Honduras murder convict tries to escape prison disguised as woman, caught | world-news | Hindustan Times
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Honduras murder convict tries to escape prison disguised as woman, caught

A gang leader in Honduras convicted of murder tried to walk out of jail disguised as a woman but was caught when an alert guard noticed his uncomfortable walk in high heels.

world Updated: May 11, 2017 14:00 IST
Kartikeya Ramanathan
Image of murder convict Francisco Herrera Argueta, who tried to escape from prison disguised as a woman, released by Honduras Police.
Image of murder convict Francisco Herrera Argueta, who tried to escape from prison disguised as a woman, released by Honduras Police. (Courtesy Honduras Police)

A murder convict in Honduras tried to escape from jail disguised as a woman but was caught by prison officials.

Francisco Herrera Argueta, who was held at a maximum security prison in San Pedro Sula city, dressed himself in a skirt, a blonde wig, sunglasses and fake breasts, and completed the look with high heels while trying to escape.

The 55-year-old gang leader also known as Don Chico even put on blush and nail polish in a bid to fool prison guards, and attempted to walk out of jail with the families of other prisoners at the end of visiting hours.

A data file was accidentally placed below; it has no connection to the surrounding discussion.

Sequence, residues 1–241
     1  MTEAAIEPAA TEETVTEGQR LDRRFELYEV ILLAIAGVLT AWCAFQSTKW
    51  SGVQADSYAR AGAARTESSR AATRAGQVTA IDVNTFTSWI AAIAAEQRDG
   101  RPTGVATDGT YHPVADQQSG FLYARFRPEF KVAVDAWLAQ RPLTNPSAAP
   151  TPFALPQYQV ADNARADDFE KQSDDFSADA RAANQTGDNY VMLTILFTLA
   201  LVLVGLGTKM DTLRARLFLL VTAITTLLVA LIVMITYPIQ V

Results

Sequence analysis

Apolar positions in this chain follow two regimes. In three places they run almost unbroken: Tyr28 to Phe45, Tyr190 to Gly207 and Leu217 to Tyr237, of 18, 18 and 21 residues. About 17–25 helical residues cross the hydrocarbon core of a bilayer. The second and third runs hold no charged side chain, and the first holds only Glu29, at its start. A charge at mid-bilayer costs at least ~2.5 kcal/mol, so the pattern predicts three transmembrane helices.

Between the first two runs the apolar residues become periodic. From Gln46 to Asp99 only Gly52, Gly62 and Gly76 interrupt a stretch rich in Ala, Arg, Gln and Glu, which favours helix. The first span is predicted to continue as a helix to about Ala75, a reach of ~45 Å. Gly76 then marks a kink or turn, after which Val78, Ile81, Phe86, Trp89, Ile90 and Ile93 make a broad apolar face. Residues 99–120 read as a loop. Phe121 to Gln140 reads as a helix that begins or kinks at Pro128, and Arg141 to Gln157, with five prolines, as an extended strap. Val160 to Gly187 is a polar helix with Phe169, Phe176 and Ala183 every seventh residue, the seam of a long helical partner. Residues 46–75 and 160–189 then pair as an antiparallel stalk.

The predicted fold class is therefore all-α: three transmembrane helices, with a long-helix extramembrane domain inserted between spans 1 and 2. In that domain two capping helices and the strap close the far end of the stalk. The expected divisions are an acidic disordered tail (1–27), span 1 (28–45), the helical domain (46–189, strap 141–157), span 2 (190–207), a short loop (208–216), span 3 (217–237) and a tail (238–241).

Argueta managed to pass through multiple security checks. However, an alert guard noticed his uncomfortable walk in the high heels. He was stopped, questioned and asked to remove his sunglasses, and the game was up.

“The make-up couldn’t hide the fact that he was a man,” police spokesman Bayron Sauceda was quoted as saying by BBC.

Argueta was in jail for murder and firearms offences. He now faces severe punishment for the attempted prison break.

Media reports said he may be transferred to El Pozo jail, considered the most dangerous in the country.

Honduras has one of the highest crime rates in the world, with the country’s National Violence Observatory, an academic research institution, reporting a murder rate of 60 per 100,000 people. However, crime rates have been improving — as recently as 2011, it was as high as 86.5 per 100,000 people.